I still remember receiving that phone call from my doctor two years ago. He had called to let me know I had cancer. During that time, I have had many ups and downs, most of which became documented on this blog. And I will continue to document my journey in the future. Even though I am in remission, it does not mean my cancer experience has reached completion. Actually, until they come up with a real cure for non-Hodgkin’s lymphoma, my cancer story will never end.
I planned on doing a long post summarizing the last two years. But then I realized that it would be so long that nobody would read it. Instead, I wanted to write a brief post to thank everyone who has been reading my blog and sharing my experience. The emails I get from cancer survivors and family members of a cancer patient have been truly heartwarming. It makes me feel good to know that reading my story has helped others out, even if it is only small ways.
In the future, I plan to continue blogging about my cancer experience. Unfortunately, I have been unable to post any blogs over the past few months (a long story having to do with Facebook and the wrongful accusation of me being a spammer). Over the next few weeks, I will do posts updating everyone about what has happened to me this summer. There have been ups and downs, but I am pleased to say there have been more ups than downs.
PS. I should also mention that I am currently compiling a book of my first two years dealing with cancer. Plus, after I get my teeth fixed (a subject of an upcoming blog), the new cancer podcast will begin. I have found a good cohost and hope to have my teeth fixed in the coming weeks.
Song of the day: Back In The Saddle Again
While I love Aerosmith, this isn’t that song. Instead, I’m going to play Back In the Saddle Again, by Gean Autry. I’ve just always thought this was such a cool song. Plus, it’s an excellent way to welcome myself back to blogging.
Bonus Song: The Last Cowboy Song
Since I’m in a country mood, I thought this classic Ed Bruce song performed by the Highwaymen was in order. This is just a great song. (The fact I finished watching Yellowstone this weekend maybe explains the country music.)
When people ask what type of lymphoma I have the answer I usually give is grade 2 follicular lymphoma. This is what the diagnosis on my chart says. My wife will usually say I have stage 4 follicular lymphoma. Both answers are technically correct. In this post I will explain the difference between grades and stages.
Stage 1 – In stage 1 only one group of lymph nodes has lymphoma. Stage 1 can also mean the lymphoma has started in a body organ, but hasn’t spread anywhere else; that would be known as Stage 1E, or extranodal lymphoma.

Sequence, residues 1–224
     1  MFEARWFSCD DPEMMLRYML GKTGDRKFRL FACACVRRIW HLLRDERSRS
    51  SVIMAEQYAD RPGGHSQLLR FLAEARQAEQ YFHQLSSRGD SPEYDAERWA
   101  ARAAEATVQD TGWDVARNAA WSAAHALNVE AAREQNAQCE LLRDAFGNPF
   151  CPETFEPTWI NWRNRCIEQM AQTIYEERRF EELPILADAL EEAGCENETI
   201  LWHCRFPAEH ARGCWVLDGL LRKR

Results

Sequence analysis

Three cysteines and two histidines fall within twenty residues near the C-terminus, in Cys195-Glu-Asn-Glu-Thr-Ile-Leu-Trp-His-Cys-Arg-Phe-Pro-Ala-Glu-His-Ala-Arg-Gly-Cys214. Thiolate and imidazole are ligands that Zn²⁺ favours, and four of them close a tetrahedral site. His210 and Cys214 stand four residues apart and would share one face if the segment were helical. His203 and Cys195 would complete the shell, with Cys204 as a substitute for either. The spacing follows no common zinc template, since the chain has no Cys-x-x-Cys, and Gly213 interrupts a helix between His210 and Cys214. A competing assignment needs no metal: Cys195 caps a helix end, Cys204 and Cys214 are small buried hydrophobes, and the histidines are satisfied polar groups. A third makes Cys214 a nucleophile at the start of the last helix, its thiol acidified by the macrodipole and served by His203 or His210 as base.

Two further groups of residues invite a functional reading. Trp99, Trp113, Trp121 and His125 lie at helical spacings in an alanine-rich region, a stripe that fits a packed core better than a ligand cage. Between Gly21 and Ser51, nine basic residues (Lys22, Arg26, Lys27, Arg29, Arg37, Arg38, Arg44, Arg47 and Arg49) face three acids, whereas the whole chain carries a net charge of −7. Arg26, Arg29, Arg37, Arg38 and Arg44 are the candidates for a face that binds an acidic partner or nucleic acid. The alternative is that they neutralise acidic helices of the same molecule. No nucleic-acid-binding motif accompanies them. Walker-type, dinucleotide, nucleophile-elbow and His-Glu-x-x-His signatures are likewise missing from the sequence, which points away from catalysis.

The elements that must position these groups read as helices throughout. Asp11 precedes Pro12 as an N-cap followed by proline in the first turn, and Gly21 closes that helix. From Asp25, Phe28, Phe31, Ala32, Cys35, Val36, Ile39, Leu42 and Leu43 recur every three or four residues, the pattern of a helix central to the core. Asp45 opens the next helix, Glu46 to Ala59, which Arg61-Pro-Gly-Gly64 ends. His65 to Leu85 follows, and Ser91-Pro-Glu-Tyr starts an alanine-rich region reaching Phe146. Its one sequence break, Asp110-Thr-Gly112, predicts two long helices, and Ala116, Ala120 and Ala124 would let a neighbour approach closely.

Stage 2 – In stage 2 there are two or more lymph node groups with lymphoma. These groups must be all above or all below the diaphragm to be considered stage 2. Stage 2 also has a form of extranodal lymphoma. It would be called Stage 2E and the lymphoma would be in one organ and at least one group of lymph nodes on the same side of the diaphragm.
Stage 3 – In stage 3 there are lymph nodes both above and below the diaphragm with lymphoma.
Stage 3 – In stage 4 the lymphoma has spread to at least one organ, such as the lungs or bone marrow.
After the stage there can also be an A or B. If the person with lymphoma has certain symptoms they are considered to have “B” symptoms. These symptoms can include unexpected weight loss, night sweats, and fevers. The existence of B systems in any stage of lymphoma may impact when treatment starts.
Non-Hodgkin Lymphoma Grades
There are three grades of lymphoma. Basically the lymphoma grade shows how fast the cancer cells are growing and how likely they are to spread. Grades 1 and 2 are considered low-grade or indolent. Grade 3 is considered high-grade, or aggressive. Grade 3 can also be split into 3A and 3B. 3B is usually treated different because it is very fast growing.
My Non-Hodgkin Lymphoma Stage and Grade
My lymphoma is staged at 4B. As I saw when looking at my PET scan, I have lymph node groups from neck to groin infested with lymphoma; which means I am at least stage 3 because lymph node groups above and below my diaphragm are infected with lymphoma. My bone marrow and one of my lungs are also infected with lymphoma; which means I am stage four because of the lymphoma being spread to other organs.
I have the B on my stage because I was suffering from “B symptoms” when being diagnosed. I definitely lost more than 10% of my weight in half a year and I was experiencing night sweats. Another possible B symptom I was experiencing was itching all over my body at night for no reason.
As I noted before, my actual diagnosis is grade 2 follicular lymphoma. This was determined by my biopsy result. A microscope was used to count the cancer cells and the lab determined I had grade 2 follicular lymphoma. The biopsy was also used to determine I have follicular lymphoma, which is a type of Non-Hodgkin Lymphoma.
The key thing to remember about staging is that it explains how far the lymphoma has spread. For grading the key thing to remember is that it explains how fast the lymphoma has spread. The fact I have low-grade lymphoma is probably the reason my stage is at 4B. I have likely had lymphoma for a very long time, but since it was slow-growing and I was not experiencing any B symptoms I had no idea there was something wrong.